Tuition assistance from scholarships may be cut as much as 30 percent by fall 2017 for tens of thousands of New Mexico students. Proceeds from lotteries, including the January $1.6 billion Powerball, are not able to keep pace with higher education cost increases.
Ticket sales are down, college tuition costs are up, and state budgets are tight. As a result, lawmakers in eight states are considering cutting lottery-funded scholarship programs. New Mexico has one of the best lottery-based scholarships in the country, helping roughly 90 percent of all first-year, full-time students with full-tuition aid. According to an associate VP at the University of Mexico, students who normally qualify for such aid would have to pay nearly $1,700 out of pocket annually if the budget cut takes place, which will most likely necessitate taking out more in student loans. According to the Department of Education, only 60 percent of students would receive full-tuition benefits, instead of the current 90 percent.
According to Susan Montoya Bryan, one reason New Mexico ticket sales have started to decline is that millennials tend to not buy lottery tickets; most likely because they opt to pay for gas at the pump instead of going into the convenience store. In several attempts to close the gap, New Mexico lawmakers have tried measures such as a "one-time appropriation to prop up scholarships and shifting $19 million in liquor tax revenue," moving unclaimed prize money to the lottery tuition fund, raising eligibility requirements to a 2.5 GPA, and having applicants complete at least 15 credit hours per semester at a four-year school.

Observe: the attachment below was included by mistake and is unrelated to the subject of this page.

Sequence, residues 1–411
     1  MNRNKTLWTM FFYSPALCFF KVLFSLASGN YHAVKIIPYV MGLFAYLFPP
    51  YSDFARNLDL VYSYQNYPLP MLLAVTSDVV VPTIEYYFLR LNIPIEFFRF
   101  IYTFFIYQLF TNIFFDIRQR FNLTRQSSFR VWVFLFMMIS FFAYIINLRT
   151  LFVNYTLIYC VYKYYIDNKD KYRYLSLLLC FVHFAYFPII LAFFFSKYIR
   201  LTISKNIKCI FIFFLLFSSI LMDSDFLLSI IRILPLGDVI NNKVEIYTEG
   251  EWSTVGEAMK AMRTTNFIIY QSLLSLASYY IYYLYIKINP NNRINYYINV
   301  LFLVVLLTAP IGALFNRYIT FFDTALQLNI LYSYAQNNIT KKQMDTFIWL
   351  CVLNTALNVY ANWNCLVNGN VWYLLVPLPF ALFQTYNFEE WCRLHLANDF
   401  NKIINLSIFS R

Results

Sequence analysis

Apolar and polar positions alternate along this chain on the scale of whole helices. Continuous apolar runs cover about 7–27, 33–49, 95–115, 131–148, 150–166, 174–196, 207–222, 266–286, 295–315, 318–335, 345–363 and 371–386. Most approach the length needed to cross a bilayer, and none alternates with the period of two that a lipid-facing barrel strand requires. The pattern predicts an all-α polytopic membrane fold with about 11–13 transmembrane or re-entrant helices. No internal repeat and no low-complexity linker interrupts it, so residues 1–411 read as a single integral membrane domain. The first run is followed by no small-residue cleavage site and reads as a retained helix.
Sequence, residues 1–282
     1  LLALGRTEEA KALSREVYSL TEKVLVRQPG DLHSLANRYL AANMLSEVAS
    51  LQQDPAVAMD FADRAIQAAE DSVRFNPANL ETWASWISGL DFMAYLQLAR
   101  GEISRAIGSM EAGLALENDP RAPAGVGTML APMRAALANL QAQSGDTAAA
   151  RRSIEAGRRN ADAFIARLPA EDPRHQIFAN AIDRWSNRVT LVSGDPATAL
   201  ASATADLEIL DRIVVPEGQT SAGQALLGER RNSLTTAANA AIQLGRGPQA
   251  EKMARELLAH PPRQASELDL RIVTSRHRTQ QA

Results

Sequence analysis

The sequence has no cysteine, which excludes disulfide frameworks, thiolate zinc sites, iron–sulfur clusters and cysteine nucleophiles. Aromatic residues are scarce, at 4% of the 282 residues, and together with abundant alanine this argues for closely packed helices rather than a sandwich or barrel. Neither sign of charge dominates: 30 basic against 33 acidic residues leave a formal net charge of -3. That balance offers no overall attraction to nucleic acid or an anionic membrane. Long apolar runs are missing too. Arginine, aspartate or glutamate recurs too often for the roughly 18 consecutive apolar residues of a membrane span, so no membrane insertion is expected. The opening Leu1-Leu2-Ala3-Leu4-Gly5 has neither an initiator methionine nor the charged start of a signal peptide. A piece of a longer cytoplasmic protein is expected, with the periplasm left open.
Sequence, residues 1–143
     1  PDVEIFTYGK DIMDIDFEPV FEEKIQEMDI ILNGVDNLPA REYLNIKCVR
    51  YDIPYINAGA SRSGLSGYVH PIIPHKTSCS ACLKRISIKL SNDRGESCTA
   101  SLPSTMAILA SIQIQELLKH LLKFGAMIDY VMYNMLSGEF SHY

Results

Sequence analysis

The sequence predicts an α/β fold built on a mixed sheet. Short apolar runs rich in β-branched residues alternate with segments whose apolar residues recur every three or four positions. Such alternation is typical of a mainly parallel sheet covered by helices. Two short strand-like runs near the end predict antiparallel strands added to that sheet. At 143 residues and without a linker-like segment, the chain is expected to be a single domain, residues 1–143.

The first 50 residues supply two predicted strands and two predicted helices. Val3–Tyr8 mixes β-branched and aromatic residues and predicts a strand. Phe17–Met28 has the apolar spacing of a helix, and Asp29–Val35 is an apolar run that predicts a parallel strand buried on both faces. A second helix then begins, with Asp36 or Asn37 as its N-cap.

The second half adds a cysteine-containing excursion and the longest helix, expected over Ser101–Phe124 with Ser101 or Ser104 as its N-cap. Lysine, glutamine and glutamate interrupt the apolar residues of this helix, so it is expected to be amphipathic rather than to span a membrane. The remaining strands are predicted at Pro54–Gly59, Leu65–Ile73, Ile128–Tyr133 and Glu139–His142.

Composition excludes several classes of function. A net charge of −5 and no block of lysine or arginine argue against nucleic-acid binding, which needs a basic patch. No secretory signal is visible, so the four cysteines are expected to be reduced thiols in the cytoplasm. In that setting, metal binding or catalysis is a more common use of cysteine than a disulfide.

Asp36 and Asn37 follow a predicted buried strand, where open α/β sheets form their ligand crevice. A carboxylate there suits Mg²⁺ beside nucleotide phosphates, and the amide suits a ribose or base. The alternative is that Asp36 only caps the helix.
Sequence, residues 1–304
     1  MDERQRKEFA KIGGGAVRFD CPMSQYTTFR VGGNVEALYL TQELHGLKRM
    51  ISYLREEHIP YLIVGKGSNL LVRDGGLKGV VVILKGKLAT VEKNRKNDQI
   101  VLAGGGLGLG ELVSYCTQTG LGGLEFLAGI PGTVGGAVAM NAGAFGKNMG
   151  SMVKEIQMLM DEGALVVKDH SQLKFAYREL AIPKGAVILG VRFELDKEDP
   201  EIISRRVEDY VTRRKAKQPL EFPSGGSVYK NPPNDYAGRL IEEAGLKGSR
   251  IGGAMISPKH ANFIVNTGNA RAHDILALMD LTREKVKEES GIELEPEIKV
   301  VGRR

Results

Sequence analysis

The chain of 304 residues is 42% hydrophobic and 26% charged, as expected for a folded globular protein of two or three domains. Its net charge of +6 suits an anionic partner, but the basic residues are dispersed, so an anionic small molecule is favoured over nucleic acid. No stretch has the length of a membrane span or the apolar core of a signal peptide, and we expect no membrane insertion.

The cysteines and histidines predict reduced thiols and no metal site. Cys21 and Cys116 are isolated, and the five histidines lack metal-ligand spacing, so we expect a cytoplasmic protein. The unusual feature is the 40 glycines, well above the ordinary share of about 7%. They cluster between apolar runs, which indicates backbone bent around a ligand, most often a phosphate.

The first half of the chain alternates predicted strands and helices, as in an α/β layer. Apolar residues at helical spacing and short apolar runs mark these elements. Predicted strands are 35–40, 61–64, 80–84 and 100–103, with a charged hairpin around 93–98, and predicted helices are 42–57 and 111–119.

Bryan reports that annual revenue from lotto ticket sales is about $40 million and tuition costs for eligible students are expected to surpass $65 million. Federal data already indicated that New Mexico has the highest student loan default rate. New Mexico is not the only state facing this financial dilemma. Tennessee tried a short-term goal by setting up an endowment to fund scholarships through interest and earnings. Georgia was the first to introduce lottery-based scholarships, nearly two decades ago, but had to make changes in 2011 which resulted in a 25 percent decrease of qualifying students. Republican state Rep. Jason Harper recommends that scholarships are used only after all financial aid is exhausted.
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